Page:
So, I desire an approach which contains explicit talk of an outside world, so that one can state goals in such language, and furthermore can apply utility theory to evaluate actions toward those goals in an optimal way. But, that takes me back to the problem: which explicit logic do I use? Am I doomed to only understand logics less powerful than my own internal logic, and hence, to create AI systems limited by such logics?
One way out which I'm currently thinking about is this: a system may be initially self-ignorant, but may learn more about itself over time. This idea came from the thought that if I was shown the correct logic, I could refer to its truth predicate as an external thing, and so appear to have greater logical power than it, without really causing a problem. Furthermore, it seems I could learn about it over time, perhaps eventually gaining more referential power.
In understanding one's own logic, one becomes more powerful, and again does not understand one's own logic. The "correct logic", then, could be imagined to be the (unreachable) result of an infinite amount of self-study. But can we properly refer to such a limit? If so, it seems we've got an interesting situation on our hands, since we'd be able to talk about the truth predicate of a language more referentially powerful than any other... Does the limit in fact exist?
I need to formalize this idea to evaluate it further.
Thursday, June 18, 2009
Inspired by this blog.
I have mentioned most of these thoughts before, but I am writing them up in one post as a cohesive argument. I will argue that uncomputable models are important. I am not arguing that people think in ways that computers cannot, but rather than people and computers alike can benefit from using models that have "holes" which represent meaningful questions that can't be answered definitively by running a computation.
The world that we live in consists of a bunch of macro-objects. What are macro-objects? Roughly speaking, they are coherent structures of micro-objects, which recur in both time and space.
A macro-object "emerges" from the micro-dynamics. It is a structure which persists, propagating itself into the future, like a wave in water.
A spherical bubble is a macro-object, because slight warps in the sphere get evened out over time. (Until it pops.)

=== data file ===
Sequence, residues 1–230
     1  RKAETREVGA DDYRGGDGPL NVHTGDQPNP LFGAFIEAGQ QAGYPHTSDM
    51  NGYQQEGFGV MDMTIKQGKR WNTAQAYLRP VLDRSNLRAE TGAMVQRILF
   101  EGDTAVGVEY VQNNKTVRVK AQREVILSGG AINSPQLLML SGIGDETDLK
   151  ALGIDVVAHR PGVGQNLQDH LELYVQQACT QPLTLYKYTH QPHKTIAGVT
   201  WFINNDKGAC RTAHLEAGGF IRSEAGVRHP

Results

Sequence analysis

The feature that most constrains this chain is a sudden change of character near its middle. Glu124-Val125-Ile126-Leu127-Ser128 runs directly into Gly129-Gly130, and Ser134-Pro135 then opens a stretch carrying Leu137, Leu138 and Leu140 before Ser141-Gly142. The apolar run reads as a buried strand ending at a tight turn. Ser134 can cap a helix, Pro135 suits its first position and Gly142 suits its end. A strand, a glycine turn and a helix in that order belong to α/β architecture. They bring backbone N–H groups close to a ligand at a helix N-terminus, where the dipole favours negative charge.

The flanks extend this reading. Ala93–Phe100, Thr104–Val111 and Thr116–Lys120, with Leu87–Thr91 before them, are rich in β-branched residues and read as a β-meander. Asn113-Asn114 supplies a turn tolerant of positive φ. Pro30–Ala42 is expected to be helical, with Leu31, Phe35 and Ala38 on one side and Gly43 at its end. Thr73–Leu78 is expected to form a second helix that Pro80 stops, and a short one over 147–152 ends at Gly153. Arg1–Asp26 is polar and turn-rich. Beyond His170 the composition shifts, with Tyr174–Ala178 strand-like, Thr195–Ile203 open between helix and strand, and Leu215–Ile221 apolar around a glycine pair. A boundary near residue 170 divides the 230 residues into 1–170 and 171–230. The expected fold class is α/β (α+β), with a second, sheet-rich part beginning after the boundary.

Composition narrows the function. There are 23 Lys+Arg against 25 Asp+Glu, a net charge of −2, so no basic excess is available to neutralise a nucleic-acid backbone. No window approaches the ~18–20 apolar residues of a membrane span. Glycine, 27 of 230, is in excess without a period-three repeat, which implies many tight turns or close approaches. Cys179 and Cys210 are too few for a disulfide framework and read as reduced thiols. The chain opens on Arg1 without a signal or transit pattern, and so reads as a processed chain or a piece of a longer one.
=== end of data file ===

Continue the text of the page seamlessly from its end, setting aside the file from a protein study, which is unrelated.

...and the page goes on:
Similarly, a water droplet, a planet, and a star.
An atom is an emergent object (though not macro-level) because the positive and negative charges of the electrons and protons enter into a stable relationship.
A grasshopper is a stable entity because its metabolism maintains a homeostasis which allows it to live for a fair amount of time.
Similarly for all living organisms.
And, so on.
The key idea here is that all of these objects are in a convergent state: a state that (within limits) it always returns to after wandering away from.
Now, to logical foundations. The halting problem is unsolvable; there is no computable algorithm which can tell you which computations do and do not halt. But, suppose we could run our computer an infinite amount of time to get the answer. A machine that can do this is called a hypercomputer. Then, we could solve the halting problem by waiting to see if the computation in question halted; so, we can use hypercomputations to answer many questions that regular computations cannot answer. However, we've got a new type of problem. Some computations will flip back and forth between answers infinitely often, so that when we run them an infinite amount of time, the output is indeterminate. The result of the hypercomputation is then undefined, or "nonconvergent".
Asking whether a hypercomputation converges is analagous to asking whether a normal computation halts. In a specific sense, it is twice as hard: if we solved the halting problem for normal computations, and made a little magic box that can give the correct answer for halting questions, and connect that to an ordinary computer, then we have a machine equivalent to a hypercomputer. Asking whether the programs of the new machine halt is actually equivalent to asking if hypercomputations converge.
So, halting is uncomputable, but convergence is doubly so!
Yet, I have argued that convergence is all around us. On an everyday basis, we deal with convergent states as if they were solid entities. So, I argue, we are viewing the world through an uncomputable model.
Mathematically, one should expect reasoning about convergence to be quite hard (assuming, as I do, that human reasoning is computable). Everyday reasoning is not "quite hard" in this way. We mitigate the full force of the uncomputability of our models with many coping strategies; we mainly reason under the assumption of convergence (for structures that have converged in the past), rather than attempting to question this assumption. We have to learn when things converge and fail to converge. Yet, even so, using uncomputable models is easier than trying to apply computable models to the problem. Asking whether a structure is generally convergent is a very useful abbreviation, approximately summing up a lot of questions about the state at a given time.
Also, it is important to admit that the mathematically pure concept of convergence is not quite what we are interested in. In practical situations, we are interested in whether something is quickly convergent. This is not uncomputable; however, it can be more expensive to check then reasoning abstractly about convergence. So (and this is probably the weakest point in my argument) I think it is worthwhile to keep reasoning about the uncomputable models.
Another interesting point is that, much of the time, while we have a fairly good concept of the emergent convergent objects we deal with day to day, we do not have such a good idea of the underlying dynamic. This means that, in practice, we do not ask too many convergence-hard questions. Often, we think we already have those answers, and instead we ask what sort of underlying structure might give rise to them.